Spear phishing and ransomware attacks dominated the headlines in 2016, a reminder that hackers are only as sophisticated as they need to be: it’s the simplicity of these attacks that makes them so effective. Given the extraordinary success of these attacks, we expect they will continue to be a source of pain for organizations in 2017.
At the same time, advancements in stealth techniques will allow threat actors to better infiltrate, operate, and hide in environments. As security technology advances, attackers will find new ways to gain and maintain access in environments.
With this in mind, here are the top cybersecurity trends to watch in the year ahead:
The Internet of Things (IoT) is exposing organizations and consumers to greater risk.
- Distributed Denial of Services (DDoS) attacks for extortion are making a comeback and going to be a quickly rising attack vector in 2017. Default credentials and other vulnerabilities in IoT devices are the main causes of these issues.
Ransomware is not going away anytime soon.
- Criminals will continue to enter into and play in this lucrative business. Security companies may find better techniques to mitigate the impact of ransomware but having solid backups of critical systems and files is still a priority in preparing for ransomware attacks.
- We will probably continue to see ransomware impact other aspects of our lives by targeting IoT devices and other critical systems. An example of this is the recent ransomware incident that affected the San Francisco transit system in late November, 2016.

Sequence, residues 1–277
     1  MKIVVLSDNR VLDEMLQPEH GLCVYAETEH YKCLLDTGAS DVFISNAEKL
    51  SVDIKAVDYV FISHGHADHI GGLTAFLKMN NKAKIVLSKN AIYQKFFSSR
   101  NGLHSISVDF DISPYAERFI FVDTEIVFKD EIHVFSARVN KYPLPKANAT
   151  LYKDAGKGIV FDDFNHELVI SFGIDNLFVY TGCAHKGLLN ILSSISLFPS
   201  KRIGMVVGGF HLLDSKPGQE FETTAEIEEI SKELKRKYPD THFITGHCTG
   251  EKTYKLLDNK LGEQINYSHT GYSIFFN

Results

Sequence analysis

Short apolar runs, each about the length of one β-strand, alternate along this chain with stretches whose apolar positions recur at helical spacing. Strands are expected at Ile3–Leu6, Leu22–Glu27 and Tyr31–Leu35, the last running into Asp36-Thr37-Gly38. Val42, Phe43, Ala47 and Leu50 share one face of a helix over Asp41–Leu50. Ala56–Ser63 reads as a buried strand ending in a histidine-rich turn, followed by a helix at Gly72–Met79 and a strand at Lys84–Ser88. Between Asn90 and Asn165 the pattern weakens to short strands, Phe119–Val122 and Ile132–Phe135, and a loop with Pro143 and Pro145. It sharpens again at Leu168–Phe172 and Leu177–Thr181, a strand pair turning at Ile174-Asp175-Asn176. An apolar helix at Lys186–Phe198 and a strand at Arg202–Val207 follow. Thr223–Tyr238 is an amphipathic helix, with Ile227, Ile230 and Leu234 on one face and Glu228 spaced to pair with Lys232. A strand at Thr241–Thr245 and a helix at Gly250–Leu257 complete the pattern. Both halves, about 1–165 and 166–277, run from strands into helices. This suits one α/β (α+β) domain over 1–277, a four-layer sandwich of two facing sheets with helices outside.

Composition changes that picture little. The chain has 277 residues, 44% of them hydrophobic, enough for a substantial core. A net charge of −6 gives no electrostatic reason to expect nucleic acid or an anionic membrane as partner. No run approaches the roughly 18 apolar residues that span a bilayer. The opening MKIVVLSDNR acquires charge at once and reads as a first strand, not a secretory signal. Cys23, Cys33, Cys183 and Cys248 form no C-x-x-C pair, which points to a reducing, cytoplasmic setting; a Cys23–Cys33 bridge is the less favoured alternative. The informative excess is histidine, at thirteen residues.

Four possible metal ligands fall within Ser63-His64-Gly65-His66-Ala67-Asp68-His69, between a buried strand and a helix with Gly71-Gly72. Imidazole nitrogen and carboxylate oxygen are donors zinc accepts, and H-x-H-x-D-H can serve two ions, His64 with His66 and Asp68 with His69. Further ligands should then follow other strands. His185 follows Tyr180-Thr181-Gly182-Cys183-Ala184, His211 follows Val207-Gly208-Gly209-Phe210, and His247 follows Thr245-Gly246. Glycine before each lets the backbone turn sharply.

Three sectors in particular are becoming more vulnerable.
- They are healthcare, retail, and service industries. Of note, these industries have seen a recent influx of the use of IoT devices and with ransomware on the rise this could impede on business uptime. Additionally, while the retail industry has benefited from better security for credit card transactions, the unique security challenges of protecting real-time logistics data and other valuable information that is accessed from multiple locations will continue for this sector.
There are new hackers “on the block.”
- There is more publicity around hackers originating from Eastern Europe, China, and more recently the Middle East. That does not mean hackers do not exist anywhere else, it is just the larger scale attacks can often be attributed back to those countries.
- Many regions of the Middle East and Africa are the fastest growing “new kid on the block.”
Yes, the number of cyberattacks will continue to grow.
- It is highly lucrative for cyber criminals, the barrier to entry is low, and there tend to be few risks based on the geographic region attacks originate from.
- As we continue to manufacture and adopt technologies that interconnect people or sensitive data, criminals will continue to identify avenues for attack.
- More companies are also paying attention to cybersecurity as part of M&A for the simple reason that they need to know what they are buying. The Yahoo / Verizon deal is a prime example of how an existing breach can change terms.
- Cyber criminals will also find more efficient ways to profit from stolen data. Expect to see some very entrepreneurial and innovative methods to leverage stolen data in 2017.
Cybersecurity will continue to be viewed as a business risk with increased focus from Executive teams.
- The C-Suite will have an increased willingness to invest in risk management services, such as cyber insurance and table top exercises to better prepare their organizations should a cyber event occur.
But merely following these trends is an exercise in futility without the proper preparation. Here are steps you can take to help mitigate cyber threats.
Get to know your own risks.
- Small to mid-size businesses commonly deploy weak authentication mechanisms for remote access and email.
- Is your organization utilizing deprecated or old web applications that are not being updated/patched and can become vulnerable over time?